A word of advice: ALL things in the beginning level are applicable in the most advanced stages of drawing. It wouldn’t hurt, if your more advanced, to take a look at the most basic lessons, as a refresher course.
Here’s how the levels are broken down. Click on the highlighted level to go to the page and get started:
Lvl 0 – You can’t draw a stick figure or a straight line and it’s darn embarrassing. The lessons here are especially designed for you. By the time you’re done with these lessons, you’ll be the envy of all your other, non-drawing friends.(FREE digital book of this info is now available)(Beginner Art Bundles also available, in “Deluxe Version” and “Regular Version“)
Lvl 1 (COMING SOON) – The lessons in this level are for you who are comfortable drawing already and want to draw better and cooler things. Forget all that anatomy stuff and drawing realistic, lets have fun and draw cartoons! By the time you finish this level, you will be able do draw some nice looking comic strips.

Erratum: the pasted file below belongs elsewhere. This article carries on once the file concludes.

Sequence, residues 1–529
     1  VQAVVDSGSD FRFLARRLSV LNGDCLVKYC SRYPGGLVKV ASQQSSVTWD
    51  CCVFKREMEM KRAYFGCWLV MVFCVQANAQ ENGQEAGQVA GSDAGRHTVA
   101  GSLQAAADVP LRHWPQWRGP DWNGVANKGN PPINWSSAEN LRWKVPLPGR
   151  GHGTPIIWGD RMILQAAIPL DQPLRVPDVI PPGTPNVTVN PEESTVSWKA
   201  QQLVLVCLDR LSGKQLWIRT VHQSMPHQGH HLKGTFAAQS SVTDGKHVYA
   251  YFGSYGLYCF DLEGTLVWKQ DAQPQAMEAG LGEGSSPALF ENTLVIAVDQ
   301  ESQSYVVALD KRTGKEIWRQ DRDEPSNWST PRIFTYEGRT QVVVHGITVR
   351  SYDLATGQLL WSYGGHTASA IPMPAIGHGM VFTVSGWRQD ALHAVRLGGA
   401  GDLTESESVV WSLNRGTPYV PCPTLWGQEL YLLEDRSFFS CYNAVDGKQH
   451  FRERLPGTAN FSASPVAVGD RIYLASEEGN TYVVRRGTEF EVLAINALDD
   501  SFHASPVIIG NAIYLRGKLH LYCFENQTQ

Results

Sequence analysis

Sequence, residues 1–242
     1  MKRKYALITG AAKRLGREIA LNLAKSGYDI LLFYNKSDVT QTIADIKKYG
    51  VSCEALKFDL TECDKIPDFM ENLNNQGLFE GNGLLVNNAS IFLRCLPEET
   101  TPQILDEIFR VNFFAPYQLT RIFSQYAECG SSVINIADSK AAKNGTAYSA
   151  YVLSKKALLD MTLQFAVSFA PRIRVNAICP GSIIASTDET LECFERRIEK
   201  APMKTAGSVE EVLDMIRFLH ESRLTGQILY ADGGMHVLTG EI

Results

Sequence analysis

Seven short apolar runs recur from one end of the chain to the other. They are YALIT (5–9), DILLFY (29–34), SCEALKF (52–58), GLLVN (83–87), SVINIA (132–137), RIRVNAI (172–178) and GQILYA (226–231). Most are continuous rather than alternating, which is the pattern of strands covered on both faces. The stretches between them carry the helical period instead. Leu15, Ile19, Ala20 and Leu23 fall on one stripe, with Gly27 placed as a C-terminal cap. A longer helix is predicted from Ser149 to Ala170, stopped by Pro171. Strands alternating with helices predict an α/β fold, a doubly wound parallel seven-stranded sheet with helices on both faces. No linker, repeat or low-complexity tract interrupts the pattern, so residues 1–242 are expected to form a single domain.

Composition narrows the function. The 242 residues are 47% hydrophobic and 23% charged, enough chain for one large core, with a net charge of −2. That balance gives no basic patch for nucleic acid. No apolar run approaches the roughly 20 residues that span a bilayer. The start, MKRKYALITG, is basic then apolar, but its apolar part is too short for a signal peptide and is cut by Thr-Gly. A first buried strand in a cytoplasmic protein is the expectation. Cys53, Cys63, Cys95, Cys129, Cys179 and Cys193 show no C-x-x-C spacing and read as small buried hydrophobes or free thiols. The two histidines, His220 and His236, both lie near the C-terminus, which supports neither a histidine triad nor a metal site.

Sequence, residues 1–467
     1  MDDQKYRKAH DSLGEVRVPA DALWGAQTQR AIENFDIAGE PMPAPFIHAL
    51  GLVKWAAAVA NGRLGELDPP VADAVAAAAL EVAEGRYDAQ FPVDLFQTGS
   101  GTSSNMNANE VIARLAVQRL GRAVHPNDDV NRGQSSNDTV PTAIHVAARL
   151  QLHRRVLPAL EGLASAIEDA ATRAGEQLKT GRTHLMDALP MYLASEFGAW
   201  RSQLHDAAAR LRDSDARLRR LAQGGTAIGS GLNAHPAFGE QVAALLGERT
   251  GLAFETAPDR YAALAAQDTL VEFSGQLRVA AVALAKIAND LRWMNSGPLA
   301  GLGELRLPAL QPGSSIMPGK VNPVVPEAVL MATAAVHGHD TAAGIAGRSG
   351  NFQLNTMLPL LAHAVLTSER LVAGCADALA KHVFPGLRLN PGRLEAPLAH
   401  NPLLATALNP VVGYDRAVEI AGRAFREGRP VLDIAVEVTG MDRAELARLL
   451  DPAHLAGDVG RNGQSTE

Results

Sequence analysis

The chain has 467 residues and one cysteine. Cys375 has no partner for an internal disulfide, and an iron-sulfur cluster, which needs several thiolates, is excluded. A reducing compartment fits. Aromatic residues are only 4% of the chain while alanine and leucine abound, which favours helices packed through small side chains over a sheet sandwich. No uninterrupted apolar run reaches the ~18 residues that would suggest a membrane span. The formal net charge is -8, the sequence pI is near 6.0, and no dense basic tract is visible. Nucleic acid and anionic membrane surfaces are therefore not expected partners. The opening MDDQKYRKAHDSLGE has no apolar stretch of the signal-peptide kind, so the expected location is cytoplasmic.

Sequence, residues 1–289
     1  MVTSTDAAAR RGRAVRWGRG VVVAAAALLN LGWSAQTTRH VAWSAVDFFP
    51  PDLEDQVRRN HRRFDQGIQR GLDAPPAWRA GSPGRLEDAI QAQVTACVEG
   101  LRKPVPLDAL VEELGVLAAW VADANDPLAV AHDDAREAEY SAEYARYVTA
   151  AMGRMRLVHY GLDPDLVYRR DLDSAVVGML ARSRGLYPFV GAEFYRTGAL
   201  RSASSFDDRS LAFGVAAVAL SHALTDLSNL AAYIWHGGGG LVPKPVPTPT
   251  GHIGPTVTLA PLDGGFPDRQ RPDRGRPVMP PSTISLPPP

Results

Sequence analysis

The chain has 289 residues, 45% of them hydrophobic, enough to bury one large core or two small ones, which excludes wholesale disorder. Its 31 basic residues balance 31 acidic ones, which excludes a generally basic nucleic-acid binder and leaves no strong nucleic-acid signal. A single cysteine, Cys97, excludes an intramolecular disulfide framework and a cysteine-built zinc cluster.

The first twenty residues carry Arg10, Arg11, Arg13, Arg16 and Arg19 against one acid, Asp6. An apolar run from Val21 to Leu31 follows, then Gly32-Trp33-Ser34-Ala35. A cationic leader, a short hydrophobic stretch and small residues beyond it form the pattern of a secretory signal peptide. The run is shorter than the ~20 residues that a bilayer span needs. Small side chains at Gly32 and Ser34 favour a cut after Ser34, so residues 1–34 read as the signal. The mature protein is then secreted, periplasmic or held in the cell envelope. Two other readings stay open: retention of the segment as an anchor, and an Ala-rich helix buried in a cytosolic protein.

Lvl 2 (COMING SOON)- Time to get serious. The lessons here are for you who are serious about getting better. You want to make a living drawing? By the time you master this level, you will be able to do just that.
Lvl 3 (COMING SOON)- You’re a pro but now you want to leave the competition behind. You want to be a MASTER. These are the lessons for you!
Lvl 4 (COMING SOON)- You are a Master artist, so you know that you’ve only JUST BEGUN. It’s taken you years to realize that all you know means you know nothing. You are more exited than ever to learn. Here you will find what you need.
THE FINAL LEVEL (COMING SOON-ish???) – Those who have achieved this level are said to have a mystical aura around them while they draw called, “The Glow.”
I can’t help you if you don’t ask.
What’s your burning drawing questions?
Is there something you’ve always wanted to know about drawing? Ask.
I’ll give you my best answer and, who know, probably write a post about it.
Leave any comments and questions in the comments below.
Or better yet, sign up to receive more information via e-mail. You’ll get extra tips and advice. You can ask me questions that way also.